TechRepublic contributing writer Lauren Malhoit reports on notable product announcements, official sessions, and her experiences at Cisco Live 2013 in Orlando.
I had the pleasure of attending Cisco Live in Orlando, FL for the first time this year. Cisco Live is Cisco's large annual conference for customers and partners to attend technology sessions, network with other technologists, and listen to keynote speakers about the direction of the company. Here's a brief summary of what I learned and participated in at the event.
Cisco released the Catalyst 6800 switch, which is the highest performing Cat switch available with speeds of 10/40/100 Gbps. These switches tie in to the Cisco Open Network Environment (ONE) by providing more APIs and programmability than ever before.
Cisco purchased a company called Cloupia a few months ago and have rebranded it as UCS Director. Don't be fooled by the name, though; UCS Director is meant to help you manage all sorts of things in your environment, including physical appliances, virtual, and bare metal. For more information, watch this Cisco video about UCS Director.
Speaking of UCS, UCS Central was covered quite a bit in sessions and in talks. UCS Central is a way to manage multiple UCS domains globally without having to go to each UCS Manager. For larger environments, this will make administration much easier. With UCS Central, it's also possible to do what's called Estimated Impact to see what happens to your environment if you wanted to add more servers and the like. It will give you some predictability of the impact.
I attended several of the official sessions. An interesting session focused on Cisco ONE, which is supposed to be more than software defined networking (SDN); it is meant to make applications and networks mutually aware so that it's possible to program for an optimized experience. According to the Cisco site, "Cisco Open Network (ONE) is a comprehensive solution to help networks become more open, programmable, and application aware. The broad capabilities of Cisco ONE help meet the needs of numerous market segments, including emerging concepts such as software-defined networking (SDN)." OpenDaylight was also a topic that came up quite a bit when discussing Cisco ONE. OpenDaylight is an open source project that Cisco is involved with that will help build an open SDN controller. It will be interesting to see how this all turns out, to say the very least.
I also went to some of the UCS sessions. They went through a lot of the things I've mentioned in previous TechRepublic blog posts, including the Cisco UCS Integrated Management Controller (CIMC) and the UCS Manager. They also mentioned UCS Central. Both blades and rack servers were discussed in these sessions, as you're able to mix both these in the same domain and, with the right equipment, you can manage them from the same pane of glass.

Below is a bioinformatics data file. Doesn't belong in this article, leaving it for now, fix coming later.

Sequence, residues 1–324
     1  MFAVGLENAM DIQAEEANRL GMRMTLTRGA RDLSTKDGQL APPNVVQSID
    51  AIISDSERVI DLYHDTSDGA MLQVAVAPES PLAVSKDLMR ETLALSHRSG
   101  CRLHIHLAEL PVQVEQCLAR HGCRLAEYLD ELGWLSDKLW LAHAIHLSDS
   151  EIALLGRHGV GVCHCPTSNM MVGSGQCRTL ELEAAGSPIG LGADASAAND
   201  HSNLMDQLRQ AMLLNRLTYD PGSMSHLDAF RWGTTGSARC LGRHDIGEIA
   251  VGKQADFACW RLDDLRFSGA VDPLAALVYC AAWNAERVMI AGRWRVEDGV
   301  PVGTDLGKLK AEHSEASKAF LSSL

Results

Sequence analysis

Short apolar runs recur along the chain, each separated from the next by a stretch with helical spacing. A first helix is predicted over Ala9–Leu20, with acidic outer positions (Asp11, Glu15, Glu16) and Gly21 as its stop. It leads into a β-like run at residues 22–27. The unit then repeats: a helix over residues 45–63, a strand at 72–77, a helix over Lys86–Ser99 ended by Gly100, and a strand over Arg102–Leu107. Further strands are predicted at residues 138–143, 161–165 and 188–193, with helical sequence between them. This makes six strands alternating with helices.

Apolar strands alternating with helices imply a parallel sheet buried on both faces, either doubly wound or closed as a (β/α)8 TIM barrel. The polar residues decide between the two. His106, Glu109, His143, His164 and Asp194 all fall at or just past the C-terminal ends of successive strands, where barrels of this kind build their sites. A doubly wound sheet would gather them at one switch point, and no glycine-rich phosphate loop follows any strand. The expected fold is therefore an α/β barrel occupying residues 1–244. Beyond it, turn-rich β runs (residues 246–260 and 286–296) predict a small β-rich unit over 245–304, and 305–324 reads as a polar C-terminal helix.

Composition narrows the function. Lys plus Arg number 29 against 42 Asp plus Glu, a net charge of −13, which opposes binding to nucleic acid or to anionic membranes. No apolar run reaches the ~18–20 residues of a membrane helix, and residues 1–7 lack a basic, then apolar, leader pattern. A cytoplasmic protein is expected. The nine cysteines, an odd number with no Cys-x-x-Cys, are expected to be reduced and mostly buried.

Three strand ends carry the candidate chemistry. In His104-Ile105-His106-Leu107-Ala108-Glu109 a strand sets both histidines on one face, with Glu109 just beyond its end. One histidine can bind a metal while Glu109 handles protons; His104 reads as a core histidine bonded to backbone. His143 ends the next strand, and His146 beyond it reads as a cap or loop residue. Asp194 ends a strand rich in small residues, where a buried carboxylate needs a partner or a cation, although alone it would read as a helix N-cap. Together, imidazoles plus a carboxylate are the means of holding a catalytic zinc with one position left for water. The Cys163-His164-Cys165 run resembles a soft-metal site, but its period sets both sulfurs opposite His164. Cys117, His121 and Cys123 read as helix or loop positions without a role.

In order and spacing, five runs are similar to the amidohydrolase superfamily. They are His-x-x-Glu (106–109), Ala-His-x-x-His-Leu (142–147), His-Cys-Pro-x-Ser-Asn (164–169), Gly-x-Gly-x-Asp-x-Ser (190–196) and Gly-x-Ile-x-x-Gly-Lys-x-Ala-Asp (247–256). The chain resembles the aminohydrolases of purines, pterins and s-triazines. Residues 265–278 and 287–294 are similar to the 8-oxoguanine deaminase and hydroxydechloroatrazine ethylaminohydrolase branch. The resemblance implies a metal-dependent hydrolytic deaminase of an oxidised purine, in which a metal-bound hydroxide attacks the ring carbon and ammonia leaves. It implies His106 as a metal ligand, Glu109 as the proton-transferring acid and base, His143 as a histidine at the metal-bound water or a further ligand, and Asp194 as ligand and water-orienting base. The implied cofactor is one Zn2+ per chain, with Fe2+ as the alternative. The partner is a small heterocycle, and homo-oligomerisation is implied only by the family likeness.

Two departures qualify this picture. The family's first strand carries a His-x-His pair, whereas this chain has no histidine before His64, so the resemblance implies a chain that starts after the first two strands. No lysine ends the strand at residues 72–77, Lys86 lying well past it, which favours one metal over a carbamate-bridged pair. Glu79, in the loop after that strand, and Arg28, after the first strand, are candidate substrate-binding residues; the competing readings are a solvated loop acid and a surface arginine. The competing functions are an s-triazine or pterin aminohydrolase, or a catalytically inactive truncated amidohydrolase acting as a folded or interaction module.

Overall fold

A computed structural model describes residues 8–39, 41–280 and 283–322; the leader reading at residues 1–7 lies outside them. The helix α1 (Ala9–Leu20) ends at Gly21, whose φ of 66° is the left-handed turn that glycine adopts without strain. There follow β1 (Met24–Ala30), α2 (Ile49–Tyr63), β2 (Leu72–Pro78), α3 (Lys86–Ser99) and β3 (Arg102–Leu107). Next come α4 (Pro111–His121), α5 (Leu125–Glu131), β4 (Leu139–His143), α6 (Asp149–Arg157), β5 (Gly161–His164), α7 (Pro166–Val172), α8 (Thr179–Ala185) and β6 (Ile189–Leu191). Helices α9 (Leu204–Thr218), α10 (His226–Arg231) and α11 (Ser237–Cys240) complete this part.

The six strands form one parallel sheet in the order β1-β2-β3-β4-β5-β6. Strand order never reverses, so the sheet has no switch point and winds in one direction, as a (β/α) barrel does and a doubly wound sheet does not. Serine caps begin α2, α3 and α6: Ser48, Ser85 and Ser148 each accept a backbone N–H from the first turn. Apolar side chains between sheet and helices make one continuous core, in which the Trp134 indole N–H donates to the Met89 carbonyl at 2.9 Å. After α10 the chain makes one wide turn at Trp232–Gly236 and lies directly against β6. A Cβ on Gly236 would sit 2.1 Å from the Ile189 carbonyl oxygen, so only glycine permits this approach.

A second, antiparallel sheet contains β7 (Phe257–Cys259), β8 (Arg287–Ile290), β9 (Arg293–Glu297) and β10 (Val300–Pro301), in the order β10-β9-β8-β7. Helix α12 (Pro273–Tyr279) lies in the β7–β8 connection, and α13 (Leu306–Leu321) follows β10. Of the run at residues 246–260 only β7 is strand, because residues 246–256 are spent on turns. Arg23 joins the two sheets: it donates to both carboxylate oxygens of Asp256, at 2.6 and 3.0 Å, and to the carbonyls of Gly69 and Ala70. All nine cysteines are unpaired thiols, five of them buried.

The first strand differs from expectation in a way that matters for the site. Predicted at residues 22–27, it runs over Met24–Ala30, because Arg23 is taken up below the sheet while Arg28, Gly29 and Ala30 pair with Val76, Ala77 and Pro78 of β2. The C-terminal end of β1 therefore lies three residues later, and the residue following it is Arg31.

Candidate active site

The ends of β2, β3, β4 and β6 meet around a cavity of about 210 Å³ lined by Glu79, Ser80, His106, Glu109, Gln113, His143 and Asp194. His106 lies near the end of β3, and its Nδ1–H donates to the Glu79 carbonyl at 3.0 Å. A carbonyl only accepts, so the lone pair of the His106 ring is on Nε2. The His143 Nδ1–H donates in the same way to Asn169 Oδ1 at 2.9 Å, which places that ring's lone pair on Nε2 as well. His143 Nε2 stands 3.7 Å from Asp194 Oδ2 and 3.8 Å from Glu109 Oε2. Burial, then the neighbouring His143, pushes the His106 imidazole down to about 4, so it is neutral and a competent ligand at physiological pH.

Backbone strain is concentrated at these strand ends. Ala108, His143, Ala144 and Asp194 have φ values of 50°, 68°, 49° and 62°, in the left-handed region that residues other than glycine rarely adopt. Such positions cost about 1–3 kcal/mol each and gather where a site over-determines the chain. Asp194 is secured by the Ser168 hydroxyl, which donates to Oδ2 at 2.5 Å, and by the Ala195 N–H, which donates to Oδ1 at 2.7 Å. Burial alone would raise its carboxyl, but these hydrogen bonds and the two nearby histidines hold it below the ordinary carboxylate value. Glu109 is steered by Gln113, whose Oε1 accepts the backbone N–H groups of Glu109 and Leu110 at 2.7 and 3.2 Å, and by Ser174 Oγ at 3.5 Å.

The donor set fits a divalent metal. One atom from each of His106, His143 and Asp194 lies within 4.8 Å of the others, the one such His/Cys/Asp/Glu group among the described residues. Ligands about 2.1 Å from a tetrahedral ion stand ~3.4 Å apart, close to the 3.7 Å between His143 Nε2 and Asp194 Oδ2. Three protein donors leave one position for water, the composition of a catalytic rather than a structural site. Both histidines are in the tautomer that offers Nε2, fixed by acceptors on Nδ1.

Perhaps one of my favorite sessions was a blogger session in which I was invited to hear all about Cisco UCS from the product managers themselves. There was much discussion over UCS Director, and while everyone agrees it's a pretty cool product, it seems to be missing a capacity planning and operations manager component that most felt would be a nice feature.
We also discussed server-side flash being shipped or at least available with both the C series and the B series server (rack and blade, in that order). This is terrific news, as it seems (in my opinion) like a great value add for any server to allow for caching or for using products like ExtremSW or PernixData FVP in your virtual environments.
I was also able to attend some pretty cool things as a part of the EMC Elect group. One of the best being a one-on-one session about EMC's ViPR with Mark Prahl, who is a member of the Advanced Storage Division at EMC. As a post-sales engineer in the Midwest, I was not expecting one-on-ones like this! It was a great opportunity only made possible by the leaders of the EMC Elect group, Mark Brown and Matthew Brender.
Would I go to another Cisco Live event?
Absolutely! There was some great content and even better learning experiences after the sessions were over, and we were able to talk tech over dinner and drinks.
If you ever get the chance to go to any tech conferences, I recommend going to them, if possible. Let us know in the discussion what IT conferences you plan to attend this year.